New US Passport Laws go into effect June 1, 2009!
I admit it—-this city girl (okay–suburban girl) has morhped into an adventure-travel afficianado! To be honest, I am a lover of “soft” adventure—where I can soak up the beauty of nature, all types of flora and fauna, as well as being able to sleep “off” of the ground, take a hot shower, and eat yummy food!
I’ve traveled through: Australia, New Zealand and New Caledonia—in the footsteps of Captain Cook; Antarctica; Alaska; Costa Rica; Peru; Ecaudor; the Galapagos; Argentina; Chile; Egypt; China; Indonesia; India; Fiji; the Amazon; Kenya; Tanzania; Botswana; South Africa; Zambia; Zimbabwe (when it was safe); Mauritius; Colorado; Arizona; New Mexico; northern Wisconsin; and southern Missouri (actually slept on the ground on the canoe trip—years ago!).
I’ve sampled many wonderful adventures and now I want to let you know about one of our exceptional partners, Natural Habitat Adventures. NHA knows adventure—from soft to adrelin-flowing! They follow the same philosophy as Great Getaways, which is “Cookie cutter vacations are great if you are a cookie cutter!” We both specialize in experiential travel and both companies are committed to sustainable travel. NHA guides are experienced, well-trained, knowledgeable and professional.
The trips they offer are unique! Let me give you an example: I’ve been to the Galapagos twice and hope to go back again soon. Both times I was on a wonderful expedition ship with great naturalists and guides. What I’ve discovered is that I like “small” and that is what Natural Habitat provides. The yacht they use for the Galapagos holds a maximum of 20 people and they offer something quite special and unusual—you can elect to spend the night in the highlands of Santa Cruz in a safari tent or “tree house” amid an area known for its giant tortoises! Another special offer from NHA is their new land-based Galapagos expedition, in which you stay on 3 different islands, almost unheard of, don’t you think?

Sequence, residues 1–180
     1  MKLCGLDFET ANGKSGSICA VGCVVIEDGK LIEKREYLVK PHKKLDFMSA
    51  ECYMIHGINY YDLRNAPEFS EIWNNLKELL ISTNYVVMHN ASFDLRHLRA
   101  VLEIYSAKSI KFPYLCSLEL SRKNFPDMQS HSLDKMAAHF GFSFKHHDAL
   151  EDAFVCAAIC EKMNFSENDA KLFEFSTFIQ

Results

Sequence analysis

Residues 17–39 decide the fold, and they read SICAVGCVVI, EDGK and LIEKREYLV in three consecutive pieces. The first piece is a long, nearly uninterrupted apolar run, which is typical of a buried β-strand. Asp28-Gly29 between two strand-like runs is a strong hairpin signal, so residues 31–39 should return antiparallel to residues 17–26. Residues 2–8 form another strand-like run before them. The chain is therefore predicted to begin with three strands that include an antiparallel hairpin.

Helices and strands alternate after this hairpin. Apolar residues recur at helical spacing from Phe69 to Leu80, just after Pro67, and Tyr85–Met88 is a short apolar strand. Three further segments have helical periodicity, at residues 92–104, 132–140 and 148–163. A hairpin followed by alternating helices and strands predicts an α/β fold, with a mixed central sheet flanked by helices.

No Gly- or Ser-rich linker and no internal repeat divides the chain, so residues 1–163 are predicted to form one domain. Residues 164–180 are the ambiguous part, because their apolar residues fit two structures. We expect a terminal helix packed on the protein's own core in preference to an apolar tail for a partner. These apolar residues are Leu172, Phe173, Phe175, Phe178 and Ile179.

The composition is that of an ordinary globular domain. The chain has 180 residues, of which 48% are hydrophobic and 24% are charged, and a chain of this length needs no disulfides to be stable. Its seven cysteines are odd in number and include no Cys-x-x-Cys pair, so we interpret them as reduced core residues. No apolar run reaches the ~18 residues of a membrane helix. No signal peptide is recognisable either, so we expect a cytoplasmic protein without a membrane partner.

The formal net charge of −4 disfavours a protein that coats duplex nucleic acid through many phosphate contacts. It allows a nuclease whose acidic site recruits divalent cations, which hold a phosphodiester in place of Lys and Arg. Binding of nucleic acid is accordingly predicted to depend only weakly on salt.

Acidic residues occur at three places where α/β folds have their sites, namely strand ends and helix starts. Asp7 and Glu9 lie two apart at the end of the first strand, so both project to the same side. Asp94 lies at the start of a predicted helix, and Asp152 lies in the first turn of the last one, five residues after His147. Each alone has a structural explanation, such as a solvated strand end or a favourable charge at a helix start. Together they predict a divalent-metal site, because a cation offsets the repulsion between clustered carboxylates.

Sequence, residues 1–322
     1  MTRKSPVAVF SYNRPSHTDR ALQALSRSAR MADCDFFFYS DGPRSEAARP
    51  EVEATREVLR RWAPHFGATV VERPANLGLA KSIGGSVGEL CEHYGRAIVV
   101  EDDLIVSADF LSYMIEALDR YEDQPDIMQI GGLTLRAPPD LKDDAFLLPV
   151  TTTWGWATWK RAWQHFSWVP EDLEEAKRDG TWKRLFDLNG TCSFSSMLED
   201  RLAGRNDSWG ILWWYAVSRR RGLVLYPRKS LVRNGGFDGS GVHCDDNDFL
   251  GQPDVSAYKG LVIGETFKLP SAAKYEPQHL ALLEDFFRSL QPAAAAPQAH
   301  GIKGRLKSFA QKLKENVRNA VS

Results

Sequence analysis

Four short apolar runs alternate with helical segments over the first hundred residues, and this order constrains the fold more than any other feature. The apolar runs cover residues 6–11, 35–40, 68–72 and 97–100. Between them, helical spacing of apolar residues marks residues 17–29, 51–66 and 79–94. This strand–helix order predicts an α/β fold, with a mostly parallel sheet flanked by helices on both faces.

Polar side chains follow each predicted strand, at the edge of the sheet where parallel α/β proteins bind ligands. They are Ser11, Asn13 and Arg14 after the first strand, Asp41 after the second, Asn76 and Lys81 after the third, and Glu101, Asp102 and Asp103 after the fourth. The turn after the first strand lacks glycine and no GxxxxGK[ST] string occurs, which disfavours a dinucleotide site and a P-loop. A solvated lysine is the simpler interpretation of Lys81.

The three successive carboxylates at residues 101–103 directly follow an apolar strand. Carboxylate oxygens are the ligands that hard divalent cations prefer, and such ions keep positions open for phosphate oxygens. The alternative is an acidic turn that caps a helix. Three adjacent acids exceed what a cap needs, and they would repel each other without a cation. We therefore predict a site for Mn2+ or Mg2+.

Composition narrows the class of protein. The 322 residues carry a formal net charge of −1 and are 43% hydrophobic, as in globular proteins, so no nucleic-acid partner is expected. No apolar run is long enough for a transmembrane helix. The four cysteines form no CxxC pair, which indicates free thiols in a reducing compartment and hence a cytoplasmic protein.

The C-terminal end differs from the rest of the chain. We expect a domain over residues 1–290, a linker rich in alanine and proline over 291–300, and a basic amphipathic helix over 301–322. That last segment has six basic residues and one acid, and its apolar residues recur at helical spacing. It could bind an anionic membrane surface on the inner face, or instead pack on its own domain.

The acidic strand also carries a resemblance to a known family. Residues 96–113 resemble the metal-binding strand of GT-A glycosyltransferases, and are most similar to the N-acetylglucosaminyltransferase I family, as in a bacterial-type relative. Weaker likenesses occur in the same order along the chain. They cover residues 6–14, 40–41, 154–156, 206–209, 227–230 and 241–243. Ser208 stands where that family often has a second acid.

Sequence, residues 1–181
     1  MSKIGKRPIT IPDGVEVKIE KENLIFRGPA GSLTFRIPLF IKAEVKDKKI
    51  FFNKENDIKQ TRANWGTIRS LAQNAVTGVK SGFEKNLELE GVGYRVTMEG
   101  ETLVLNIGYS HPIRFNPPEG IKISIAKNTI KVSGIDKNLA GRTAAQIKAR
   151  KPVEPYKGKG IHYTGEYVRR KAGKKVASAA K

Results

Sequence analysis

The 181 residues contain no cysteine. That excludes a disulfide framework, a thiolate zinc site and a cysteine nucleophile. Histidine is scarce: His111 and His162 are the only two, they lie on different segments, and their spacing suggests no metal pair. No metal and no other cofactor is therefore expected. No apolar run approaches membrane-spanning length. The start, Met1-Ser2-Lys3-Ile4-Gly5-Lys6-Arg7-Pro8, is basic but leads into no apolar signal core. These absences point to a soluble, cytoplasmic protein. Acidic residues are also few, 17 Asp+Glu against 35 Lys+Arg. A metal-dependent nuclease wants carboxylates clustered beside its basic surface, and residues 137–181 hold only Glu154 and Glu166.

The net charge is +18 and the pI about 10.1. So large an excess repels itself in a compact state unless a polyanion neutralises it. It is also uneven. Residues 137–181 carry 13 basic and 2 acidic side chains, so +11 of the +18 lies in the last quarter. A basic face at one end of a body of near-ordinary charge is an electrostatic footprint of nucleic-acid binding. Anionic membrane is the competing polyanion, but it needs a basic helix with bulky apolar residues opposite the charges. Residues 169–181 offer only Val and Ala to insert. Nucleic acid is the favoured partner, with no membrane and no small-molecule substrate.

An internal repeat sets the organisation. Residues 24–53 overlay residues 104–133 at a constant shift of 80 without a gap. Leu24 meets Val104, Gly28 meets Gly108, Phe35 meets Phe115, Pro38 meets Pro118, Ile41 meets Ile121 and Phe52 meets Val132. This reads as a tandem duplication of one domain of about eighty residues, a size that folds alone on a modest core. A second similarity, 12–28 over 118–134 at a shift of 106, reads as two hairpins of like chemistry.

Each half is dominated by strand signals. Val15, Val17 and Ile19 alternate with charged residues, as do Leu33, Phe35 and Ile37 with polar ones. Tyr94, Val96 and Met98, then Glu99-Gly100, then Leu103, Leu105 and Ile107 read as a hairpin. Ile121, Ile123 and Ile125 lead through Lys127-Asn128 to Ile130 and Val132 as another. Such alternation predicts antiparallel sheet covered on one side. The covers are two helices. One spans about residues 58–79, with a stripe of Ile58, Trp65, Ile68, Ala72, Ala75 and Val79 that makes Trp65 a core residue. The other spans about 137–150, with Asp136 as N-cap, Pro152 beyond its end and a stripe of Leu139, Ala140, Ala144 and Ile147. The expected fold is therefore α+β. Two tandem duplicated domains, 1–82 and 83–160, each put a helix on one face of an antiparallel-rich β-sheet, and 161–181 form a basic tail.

This year they’ve added a few new adventures—including the Wild Colorado, Alaska’s Secluded Southeast Coast, Yosemite and the California Coast, and the remarkable San Juan Islands.
Next month I’ll tell you about an exciting opportunity to win a journey to visit the Polar Bear Capital of the World, Churchill, Manitoba, courtesy of NHA, Great Getaways and Lifetime Fitness!
So, if you are an adventurer of any kind, from soft to rugged, contact me today to experience the amazing journeys we create with Natural Habitat Adventures!
We just returned from an expedition to Antarctica with Lindblad Expeditions. It was so amazing that I am at a loss for words to describe the magic, the mystery, and the moods of this continent (me—at a loss for words???). So, please enjoy this slideshow.
We are now at Pourquoi Pas Island in Marguerite Bay on the peninsula of Antarctica. We weren’t able to land because of the ice shelf; however, we were able to take a zodiac ride and get up close to the coast. We saw lots of penguins, a squa bird (a predator of penguins) and a leopard seal (also a predator of penguins). The type of penguins we saw today are called Adelie penguins and they feed on krill, a shrimp-like organism. When we see pink snow in a penguin colony it means they’ve been feeding on krill—and it’s not a tribute to Susan Komen breast cancer awareness!